The Way In
Igrew up playing a game called “33.”
The rules are like this: there are none. It’s every man for himself. One person against however many people are on the court. You got 12 people who want to play? It’s you versus 11 defenders. You have to find a way to score. If you score, you take it again. You miss, and you have to find a way to get the ball back in your hands. No rules. No mercy.
The first person to score 33 points, wins. And the only way to win is to body and battle.
I was just a kid, born in Brooklyn, but living in the projects outside of Pittsburgh. “33” might has well have been a metaphor for my life. Me and the other kids — mostly guys — spent hours playing that game. It was, at its best, improv; no rules meant the game could play out on simple choice and grit. There were no fouls unless you got mugged.
That’s what life is in the projects.
I played against older guys, too. That made me tough. I was fast, and what I lacked in size, I made up for in tenacity. No one took it easy on me because I was a girl. They didn’t want to lose to me any more than I wanted to lose to them. That made me fight.
I lived with my grandmother. If she couldn’t find me, I was on the court. In middle school, we lived within a circle, just a block over from the basketball court. Every morning, my friends and I would run over with our books in hand, and get a game in. We could see when the school bus was coming. We’d play until it pulled up to our stop, and grab our books and sprint to the bus. And when the bus dropped us off at the end of the day, we sprinted back to the court. We didn’t waste a second. We played in every element: rain, snow and thick summer heat. It didn’t matter. Basketball is what kept us out of trouble.
I often felt like an only child. My friends were really all I had. In the summers, I’d travel back to New York City or down South, and spend time with my cousins. We’d put milk crates up on house gates that lined the city streets, and use those as our baskets. Those streets — the projects — taught me everything. They are inextricable from me. People spend their lives running from places like mine. Thing is, you can’t run from the place that made you because it is you.
Basketball carried me away but I was never the type to be homesick. I’d traveled the world playing AAU. I played college ball at Penn State, just three hours from home. I didn’t visit often, and if I did, it wasn’t because I longed to. When I left home, that was it — I just left. Everything I knew and considered familiar — my family, my friends — were all in my backyard. I knew my role with them, and knew my role on the court — a two guard with a quick shot and even quicker hands on defense.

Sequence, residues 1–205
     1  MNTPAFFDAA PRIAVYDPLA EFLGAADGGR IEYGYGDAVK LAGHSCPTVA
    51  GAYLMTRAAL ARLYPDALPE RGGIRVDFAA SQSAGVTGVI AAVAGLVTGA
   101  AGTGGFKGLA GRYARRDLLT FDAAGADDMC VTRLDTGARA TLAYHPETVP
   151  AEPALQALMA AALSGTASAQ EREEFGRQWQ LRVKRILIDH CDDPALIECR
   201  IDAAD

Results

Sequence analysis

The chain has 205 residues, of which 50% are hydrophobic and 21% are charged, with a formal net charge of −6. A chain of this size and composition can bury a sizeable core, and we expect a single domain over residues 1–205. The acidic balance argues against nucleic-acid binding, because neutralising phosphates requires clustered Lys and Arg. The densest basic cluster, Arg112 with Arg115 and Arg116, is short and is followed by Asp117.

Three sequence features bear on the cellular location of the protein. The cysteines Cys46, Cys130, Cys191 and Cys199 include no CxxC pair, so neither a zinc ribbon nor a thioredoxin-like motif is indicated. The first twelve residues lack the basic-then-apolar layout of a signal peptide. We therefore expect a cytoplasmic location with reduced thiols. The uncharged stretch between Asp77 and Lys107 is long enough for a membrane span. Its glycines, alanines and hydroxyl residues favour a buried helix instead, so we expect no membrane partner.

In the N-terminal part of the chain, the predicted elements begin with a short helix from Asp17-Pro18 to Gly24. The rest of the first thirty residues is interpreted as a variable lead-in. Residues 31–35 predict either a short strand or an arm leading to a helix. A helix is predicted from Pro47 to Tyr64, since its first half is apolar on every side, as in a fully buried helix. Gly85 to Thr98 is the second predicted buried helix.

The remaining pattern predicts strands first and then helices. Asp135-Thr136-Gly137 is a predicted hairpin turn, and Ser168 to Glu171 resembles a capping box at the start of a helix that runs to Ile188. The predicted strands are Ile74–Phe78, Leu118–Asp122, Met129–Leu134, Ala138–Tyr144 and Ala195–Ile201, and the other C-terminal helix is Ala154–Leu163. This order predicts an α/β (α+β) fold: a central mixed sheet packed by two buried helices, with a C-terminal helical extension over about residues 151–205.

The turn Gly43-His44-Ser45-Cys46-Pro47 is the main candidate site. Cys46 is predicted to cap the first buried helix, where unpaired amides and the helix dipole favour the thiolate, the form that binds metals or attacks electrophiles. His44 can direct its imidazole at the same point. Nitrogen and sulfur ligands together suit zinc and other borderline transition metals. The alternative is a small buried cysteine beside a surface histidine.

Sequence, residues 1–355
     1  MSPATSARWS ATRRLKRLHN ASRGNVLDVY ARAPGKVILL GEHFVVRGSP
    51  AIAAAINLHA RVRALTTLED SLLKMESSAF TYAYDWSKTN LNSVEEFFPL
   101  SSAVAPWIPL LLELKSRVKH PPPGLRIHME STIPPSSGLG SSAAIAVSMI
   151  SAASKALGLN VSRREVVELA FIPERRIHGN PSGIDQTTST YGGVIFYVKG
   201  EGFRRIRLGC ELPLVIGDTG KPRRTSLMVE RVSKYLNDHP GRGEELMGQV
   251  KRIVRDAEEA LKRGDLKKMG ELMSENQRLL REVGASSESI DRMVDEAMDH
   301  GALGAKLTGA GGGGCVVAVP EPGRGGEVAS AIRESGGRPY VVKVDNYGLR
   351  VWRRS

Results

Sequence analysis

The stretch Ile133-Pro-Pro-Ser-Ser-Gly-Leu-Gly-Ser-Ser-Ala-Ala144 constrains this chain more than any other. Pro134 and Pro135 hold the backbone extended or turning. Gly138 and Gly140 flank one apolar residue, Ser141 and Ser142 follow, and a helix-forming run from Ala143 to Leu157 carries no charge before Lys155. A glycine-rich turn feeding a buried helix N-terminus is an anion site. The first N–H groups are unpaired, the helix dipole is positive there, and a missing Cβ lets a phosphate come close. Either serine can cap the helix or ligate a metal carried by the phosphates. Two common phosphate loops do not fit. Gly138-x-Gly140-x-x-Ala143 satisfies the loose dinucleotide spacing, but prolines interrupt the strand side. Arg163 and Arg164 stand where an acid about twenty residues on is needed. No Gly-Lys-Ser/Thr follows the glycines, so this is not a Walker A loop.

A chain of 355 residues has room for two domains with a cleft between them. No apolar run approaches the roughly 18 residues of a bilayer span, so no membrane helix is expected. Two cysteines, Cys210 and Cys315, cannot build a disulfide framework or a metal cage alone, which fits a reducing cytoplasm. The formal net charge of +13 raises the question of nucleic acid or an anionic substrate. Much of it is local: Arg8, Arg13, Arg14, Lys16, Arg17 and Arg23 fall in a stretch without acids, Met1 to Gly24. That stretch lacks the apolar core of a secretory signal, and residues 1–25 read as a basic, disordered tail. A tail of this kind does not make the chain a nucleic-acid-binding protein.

I never had to question much. I just played.
The WNBA’s Seattle Storm drafted me 12th overall in 2005, though initially, I really wanted to go to Minnesota. They had the 11th pick that year. I’d met a lot of people who considered Minnesota their base, including some of the players, and it felt like another kind of home.
They didn’t select me.
Seattle was looking for some defensive help and some support for point guard Sue Bird. This East Coast girl, was moving West.
Most of our lives are spent trying to understand ourselves — our needs, our wants, our values, which shape-shift with age and experiences. We’re stretched by newness. That’s what Seattle was. I didn’t know my life was going to be this whirlwind of basketball, and everything I did know — everything that grounded me — was 3,000 miles away.
Nothing can really prepare you for the transition from college to the WNBA. At school, you have built-in discipline; everything is scheduled and planned for you. The WNBA is freedom. Freedom is choice and individualism. You care for yourself how you see fit. And a spot on the team is not guaranteed. Everyone is vying for the same spot you are. You come in having been the best — the best in AAU, the best in college. You’re not the best in the WNBA. Everyone is just as good or better. This is a job, and you alone are responsible for your success.